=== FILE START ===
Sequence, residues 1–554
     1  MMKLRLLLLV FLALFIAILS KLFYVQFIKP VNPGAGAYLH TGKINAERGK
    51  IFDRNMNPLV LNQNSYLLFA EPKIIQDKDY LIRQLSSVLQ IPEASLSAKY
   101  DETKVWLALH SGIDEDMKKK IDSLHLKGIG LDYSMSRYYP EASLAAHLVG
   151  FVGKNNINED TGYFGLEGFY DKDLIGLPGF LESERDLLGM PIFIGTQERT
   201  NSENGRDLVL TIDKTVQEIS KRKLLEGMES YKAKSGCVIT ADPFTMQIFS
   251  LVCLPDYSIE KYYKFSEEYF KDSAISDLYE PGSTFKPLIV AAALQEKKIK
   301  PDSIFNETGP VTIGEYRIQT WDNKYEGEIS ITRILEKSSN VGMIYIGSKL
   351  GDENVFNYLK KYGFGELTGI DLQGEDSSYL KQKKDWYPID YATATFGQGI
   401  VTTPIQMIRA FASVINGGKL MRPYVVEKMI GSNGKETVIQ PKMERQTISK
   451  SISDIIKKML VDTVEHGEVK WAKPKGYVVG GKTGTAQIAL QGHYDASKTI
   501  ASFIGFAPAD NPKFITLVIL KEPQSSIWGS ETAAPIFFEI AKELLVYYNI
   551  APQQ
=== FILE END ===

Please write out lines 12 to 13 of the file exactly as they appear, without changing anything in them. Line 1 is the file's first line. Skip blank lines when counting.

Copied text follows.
   501  ASFIGFAPAD NPKFITLVIL KEPQSSIWGS ETAAPIFFEI AKELLVYYNI
   551  APQQ